Optimistic that the bond market is on the verge of breaking out of its bearish state, retail accounts came off the sidelines Friday. Their optimism stemmed from the belief that key economic reports due this week will support the notion that growth is slowing and halt the relentless rise in interest rates.

Should the reports support the slower growth scenario being played out in the national economy, particularly the employment report, participants said that the bond market could extend recent gains.

Economists polled by The Bond Buyer generally expect nonfarm payrolls to increase by 200,000 in July, with most seeing the civilian unemployment rate rising marginally to 6.1%.

In the futures market, the September bond contract ended up 1/32 at 104.20.

In the cash markets, the 6 1/8% two-year note was quoted late Tuesday up 2/32 at 100.09-100.10 to yield 5.95%. The 6 7/8% fiVe-year note ended up 1/32 at 100.18-100.20 to yield 6.72%. The 7 1/4% 10-year note ended up 3/32 at 100.00-101.04 to yield 7.08%. The 6 1/4% 30-year bond ended down 2/32 at 86.08-86.12 to yield 7.39%.

The three-month Treasury bill ended unchanged at 4.42%. The six-month bill closed unchanged at 4.90%. The year bill also ended down three basis points at 5.33%.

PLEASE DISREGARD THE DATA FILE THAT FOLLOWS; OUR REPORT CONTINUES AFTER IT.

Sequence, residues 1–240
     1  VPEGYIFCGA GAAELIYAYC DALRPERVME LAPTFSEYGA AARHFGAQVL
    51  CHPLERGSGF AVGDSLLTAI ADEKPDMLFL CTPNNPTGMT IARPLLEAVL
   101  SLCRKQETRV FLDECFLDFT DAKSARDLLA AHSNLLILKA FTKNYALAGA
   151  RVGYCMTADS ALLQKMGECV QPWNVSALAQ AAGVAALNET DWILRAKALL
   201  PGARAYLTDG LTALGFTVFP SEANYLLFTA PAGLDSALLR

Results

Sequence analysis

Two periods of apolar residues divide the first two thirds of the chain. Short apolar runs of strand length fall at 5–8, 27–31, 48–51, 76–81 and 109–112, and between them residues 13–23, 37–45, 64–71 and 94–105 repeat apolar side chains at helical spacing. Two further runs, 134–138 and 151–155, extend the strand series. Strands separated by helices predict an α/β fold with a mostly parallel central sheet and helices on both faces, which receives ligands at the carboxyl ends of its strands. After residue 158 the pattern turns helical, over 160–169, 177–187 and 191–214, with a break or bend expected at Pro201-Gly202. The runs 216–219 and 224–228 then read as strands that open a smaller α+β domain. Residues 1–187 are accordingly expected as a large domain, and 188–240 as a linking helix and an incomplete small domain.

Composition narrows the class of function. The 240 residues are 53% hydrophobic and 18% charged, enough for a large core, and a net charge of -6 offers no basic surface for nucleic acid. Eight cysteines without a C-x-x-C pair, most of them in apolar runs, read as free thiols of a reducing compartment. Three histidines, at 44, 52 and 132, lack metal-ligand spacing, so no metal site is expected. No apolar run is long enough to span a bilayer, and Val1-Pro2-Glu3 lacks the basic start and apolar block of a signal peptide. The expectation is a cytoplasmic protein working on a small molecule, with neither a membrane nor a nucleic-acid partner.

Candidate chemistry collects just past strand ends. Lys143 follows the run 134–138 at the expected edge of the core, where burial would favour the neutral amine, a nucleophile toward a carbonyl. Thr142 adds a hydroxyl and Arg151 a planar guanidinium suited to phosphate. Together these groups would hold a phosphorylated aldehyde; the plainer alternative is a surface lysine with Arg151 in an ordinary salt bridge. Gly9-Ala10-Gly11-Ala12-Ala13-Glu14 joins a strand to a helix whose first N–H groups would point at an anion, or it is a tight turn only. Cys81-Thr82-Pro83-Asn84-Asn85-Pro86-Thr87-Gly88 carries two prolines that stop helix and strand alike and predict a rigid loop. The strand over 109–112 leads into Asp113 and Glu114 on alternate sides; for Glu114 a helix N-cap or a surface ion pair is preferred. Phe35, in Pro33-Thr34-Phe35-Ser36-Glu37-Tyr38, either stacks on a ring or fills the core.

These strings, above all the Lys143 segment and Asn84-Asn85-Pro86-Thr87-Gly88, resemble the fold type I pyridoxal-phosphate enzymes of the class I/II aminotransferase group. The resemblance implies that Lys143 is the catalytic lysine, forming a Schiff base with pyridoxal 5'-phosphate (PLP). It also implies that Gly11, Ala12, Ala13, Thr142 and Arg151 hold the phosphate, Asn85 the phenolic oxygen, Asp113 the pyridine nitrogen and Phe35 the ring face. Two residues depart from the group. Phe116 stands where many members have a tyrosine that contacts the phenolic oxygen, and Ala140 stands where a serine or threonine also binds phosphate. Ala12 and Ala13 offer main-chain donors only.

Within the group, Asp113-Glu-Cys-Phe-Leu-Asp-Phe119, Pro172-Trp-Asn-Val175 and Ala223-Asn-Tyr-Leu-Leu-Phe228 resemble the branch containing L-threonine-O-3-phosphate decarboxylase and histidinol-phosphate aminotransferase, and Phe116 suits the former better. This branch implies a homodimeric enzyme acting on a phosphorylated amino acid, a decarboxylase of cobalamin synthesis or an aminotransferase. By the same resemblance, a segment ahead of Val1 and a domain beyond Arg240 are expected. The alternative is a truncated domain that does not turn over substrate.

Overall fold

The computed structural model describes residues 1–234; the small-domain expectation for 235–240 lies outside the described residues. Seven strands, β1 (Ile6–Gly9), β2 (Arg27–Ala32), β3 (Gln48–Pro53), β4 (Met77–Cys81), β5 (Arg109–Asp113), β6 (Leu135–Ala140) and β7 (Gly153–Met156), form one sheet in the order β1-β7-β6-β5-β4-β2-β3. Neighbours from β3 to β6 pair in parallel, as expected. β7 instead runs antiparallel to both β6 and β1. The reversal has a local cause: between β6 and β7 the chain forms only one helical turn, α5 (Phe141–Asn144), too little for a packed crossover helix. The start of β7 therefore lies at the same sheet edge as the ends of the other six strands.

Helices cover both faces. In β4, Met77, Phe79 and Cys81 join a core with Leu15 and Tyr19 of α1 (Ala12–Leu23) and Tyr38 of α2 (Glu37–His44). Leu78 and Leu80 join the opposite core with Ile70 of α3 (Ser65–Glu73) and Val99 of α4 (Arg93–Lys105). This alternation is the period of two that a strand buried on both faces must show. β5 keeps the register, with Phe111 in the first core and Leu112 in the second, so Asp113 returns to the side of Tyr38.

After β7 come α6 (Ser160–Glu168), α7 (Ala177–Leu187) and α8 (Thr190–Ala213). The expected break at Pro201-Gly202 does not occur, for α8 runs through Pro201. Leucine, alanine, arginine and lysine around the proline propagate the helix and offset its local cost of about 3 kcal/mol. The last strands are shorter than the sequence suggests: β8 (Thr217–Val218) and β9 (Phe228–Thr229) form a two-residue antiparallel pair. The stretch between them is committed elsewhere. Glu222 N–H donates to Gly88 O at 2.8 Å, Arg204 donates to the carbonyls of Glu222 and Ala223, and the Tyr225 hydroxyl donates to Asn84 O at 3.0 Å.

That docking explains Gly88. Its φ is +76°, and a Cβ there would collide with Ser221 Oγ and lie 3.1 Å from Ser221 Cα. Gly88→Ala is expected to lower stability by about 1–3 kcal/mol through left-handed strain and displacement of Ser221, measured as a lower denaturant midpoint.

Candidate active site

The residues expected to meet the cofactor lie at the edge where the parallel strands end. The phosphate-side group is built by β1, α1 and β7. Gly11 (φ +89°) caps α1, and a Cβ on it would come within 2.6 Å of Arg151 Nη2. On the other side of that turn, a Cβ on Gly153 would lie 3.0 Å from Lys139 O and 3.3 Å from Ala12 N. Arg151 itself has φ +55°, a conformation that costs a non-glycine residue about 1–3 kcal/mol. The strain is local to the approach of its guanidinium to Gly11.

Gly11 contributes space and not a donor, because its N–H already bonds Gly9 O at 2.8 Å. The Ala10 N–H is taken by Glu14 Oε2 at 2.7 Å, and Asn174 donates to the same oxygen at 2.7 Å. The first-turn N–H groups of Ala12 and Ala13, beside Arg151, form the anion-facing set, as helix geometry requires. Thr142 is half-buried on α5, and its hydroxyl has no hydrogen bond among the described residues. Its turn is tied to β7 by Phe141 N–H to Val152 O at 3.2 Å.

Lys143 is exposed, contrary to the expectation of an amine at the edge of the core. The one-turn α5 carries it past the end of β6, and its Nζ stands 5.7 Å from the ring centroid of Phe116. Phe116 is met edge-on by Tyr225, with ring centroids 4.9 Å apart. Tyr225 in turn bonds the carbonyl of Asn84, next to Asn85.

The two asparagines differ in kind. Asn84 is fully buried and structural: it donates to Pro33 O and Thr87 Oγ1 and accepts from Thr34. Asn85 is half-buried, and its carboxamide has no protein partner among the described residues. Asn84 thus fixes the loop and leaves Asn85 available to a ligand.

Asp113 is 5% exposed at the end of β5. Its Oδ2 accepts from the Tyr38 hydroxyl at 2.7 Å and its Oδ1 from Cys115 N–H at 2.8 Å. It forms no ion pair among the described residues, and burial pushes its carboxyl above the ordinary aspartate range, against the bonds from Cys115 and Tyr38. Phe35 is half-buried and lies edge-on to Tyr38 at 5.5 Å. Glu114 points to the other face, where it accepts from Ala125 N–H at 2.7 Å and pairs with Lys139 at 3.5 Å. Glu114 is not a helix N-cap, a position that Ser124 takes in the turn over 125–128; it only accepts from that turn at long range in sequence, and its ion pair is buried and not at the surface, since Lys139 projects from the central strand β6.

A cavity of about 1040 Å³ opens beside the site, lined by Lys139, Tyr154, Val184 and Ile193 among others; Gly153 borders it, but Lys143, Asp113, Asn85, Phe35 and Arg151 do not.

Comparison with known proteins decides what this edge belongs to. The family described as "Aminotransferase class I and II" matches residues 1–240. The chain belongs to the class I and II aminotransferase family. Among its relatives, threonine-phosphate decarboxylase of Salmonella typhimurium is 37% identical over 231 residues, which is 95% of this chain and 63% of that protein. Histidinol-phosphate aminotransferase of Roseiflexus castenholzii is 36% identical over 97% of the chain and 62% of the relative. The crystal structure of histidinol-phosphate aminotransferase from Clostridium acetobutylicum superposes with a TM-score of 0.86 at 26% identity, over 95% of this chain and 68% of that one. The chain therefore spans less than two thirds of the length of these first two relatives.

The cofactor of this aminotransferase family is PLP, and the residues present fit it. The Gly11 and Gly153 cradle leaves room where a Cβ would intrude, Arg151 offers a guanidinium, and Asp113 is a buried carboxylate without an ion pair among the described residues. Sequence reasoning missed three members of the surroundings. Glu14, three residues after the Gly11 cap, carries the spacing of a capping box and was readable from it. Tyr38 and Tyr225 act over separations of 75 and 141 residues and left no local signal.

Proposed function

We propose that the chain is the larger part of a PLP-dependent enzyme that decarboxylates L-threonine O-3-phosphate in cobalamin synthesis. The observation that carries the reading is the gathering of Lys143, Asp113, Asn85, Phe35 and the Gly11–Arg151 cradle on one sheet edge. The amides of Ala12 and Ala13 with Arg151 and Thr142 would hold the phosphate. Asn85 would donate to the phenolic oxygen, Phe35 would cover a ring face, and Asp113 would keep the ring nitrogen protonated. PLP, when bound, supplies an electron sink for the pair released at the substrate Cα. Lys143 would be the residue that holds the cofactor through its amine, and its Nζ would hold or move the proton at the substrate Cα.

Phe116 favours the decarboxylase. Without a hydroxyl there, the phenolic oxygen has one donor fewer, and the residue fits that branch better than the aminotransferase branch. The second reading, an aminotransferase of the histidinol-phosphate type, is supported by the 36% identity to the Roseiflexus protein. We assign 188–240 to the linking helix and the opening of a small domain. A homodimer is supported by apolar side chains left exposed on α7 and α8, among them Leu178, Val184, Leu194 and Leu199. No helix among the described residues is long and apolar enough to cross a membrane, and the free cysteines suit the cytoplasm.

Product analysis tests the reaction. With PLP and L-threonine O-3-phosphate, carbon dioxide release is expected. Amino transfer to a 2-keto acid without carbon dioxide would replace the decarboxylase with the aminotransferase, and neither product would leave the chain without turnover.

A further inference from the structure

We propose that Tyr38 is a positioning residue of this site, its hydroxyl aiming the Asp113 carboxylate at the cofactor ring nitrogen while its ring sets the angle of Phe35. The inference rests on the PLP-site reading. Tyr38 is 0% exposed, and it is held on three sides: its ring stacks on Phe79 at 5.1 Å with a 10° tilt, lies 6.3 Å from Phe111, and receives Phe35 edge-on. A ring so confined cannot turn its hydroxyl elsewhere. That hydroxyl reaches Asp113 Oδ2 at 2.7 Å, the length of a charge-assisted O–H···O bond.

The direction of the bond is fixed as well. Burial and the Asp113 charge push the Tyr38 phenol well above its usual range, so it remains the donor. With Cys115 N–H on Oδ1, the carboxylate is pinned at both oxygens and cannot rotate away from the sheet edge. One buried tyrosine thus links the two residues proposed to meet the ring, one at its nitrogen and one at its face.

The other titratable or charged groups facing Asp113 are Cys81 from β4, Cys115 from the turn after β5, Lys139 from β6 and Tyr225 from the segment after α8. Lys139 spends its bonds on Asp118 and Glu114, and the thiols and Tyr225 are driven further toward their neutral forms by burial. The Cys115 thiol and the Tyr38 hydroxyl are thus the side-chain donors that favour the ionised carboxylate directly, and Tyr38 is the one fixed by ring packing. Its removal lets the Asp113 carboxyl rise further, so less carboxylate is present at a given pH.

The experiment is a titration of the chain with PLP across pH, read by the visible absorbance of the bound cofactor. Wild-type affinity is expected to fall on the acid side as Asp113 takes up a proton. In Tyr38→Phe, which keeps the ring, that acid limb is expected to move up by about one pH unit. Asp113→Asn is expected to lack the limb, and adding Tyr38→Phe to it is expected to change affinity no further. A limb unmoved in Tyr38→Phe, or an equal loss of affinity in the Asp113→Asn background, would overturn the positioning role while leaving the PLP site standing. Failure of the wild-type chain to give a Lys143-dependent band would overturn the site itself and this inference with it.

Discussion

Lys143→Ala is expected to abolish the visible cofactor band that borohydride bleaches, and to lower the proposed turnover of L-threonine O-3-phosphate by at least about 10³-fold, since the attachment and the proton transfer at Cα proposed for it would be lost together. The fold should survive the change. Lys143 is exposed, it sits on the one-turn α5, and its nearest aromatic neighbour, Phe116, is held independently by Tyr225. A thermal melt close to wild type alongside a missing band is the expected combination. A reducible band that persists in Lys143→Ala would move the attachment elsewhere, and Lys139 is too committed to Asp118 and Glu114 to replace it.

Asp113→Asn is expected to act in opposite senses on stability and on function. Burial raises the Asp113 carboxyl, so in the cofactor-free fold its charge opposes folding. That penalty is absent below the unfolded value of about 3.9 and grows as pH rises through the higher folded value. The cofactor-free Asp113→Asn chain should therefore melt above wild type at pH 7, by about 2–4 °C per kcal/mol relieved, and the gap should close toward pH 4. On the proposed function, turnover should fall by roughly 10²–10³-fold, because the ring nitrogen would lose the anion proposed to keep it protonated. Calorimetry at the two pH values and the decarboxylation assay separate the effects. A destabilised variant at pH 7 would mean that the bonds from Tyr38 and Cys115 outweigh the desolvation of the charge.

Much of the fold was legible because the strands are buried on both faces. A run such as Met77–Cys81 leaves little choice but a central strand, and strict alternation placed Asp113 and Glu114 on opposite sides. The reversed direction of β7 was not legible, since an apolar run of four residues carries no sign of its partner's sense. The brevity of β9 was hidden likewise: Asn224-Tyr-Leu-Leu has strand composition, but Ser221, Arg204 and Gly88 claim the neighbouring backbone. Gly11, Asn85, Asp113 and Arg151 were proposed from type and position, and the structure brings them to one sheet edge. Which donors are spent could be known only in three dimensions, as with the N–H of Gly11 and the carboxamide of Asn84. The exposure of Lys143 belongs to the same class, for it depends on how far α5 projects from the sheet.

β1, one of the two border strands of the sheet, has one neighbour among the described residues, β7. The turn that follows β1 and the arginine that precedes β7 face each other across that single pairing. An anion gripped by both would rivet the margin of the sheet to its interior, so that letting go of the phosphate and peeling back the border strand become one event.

Corporate Securities

Racing to beat the Treasury's refunding announcement and a potentially damaging employment report, corporate treasurers rushed into the primary market yesterday.

More than $700 million in straight corporate debt was priced.

In the day's largest deal, W.R. Grace & Co. sold $300 million of 10-year notes to yield 8.024%, according to lead manager J.P. Morgan Securities Inc.

The noncallable issues were priced at 99.793 and bear a coupon of 8%. They were rated Ban3 by Moody's Investors Service and BBB-minus by Standard & Poor's Corp.

Tjiwi Kimia International Finance Co. issued $200 million of guaranteed senior junk notes to yield 13.25%, according to lead manager CS First Boston. The noncallable issues were priced at par and rated B1 by Moody's and BB by Standard & Poor's.

In yesterday's secondary market for corporate securities, spreads of investment grade issues generally tightened by 1/8 of a point, while high yield issues generally held steady. Treasury Market Yields Prey. Prey. Tuesday Week Month 3-Month Bill 4.42 4.50 4.29 6-Month Bill 4.90 4.97 4.81 1-Year Bill 5.33 5.51 5.45 2-Year Note 5.95 6.08 6.10 3-Year Note 6.24 6.40 6.41 5-Year Note 6.72 6.87 6.90 7-Year Note 6.87 7.05 7.12 10-Year Note 7.08 7.24 7.29 30-Year Bond 7.39 7.53 7.58 Source: Cantor, Fitzgerald/Telerate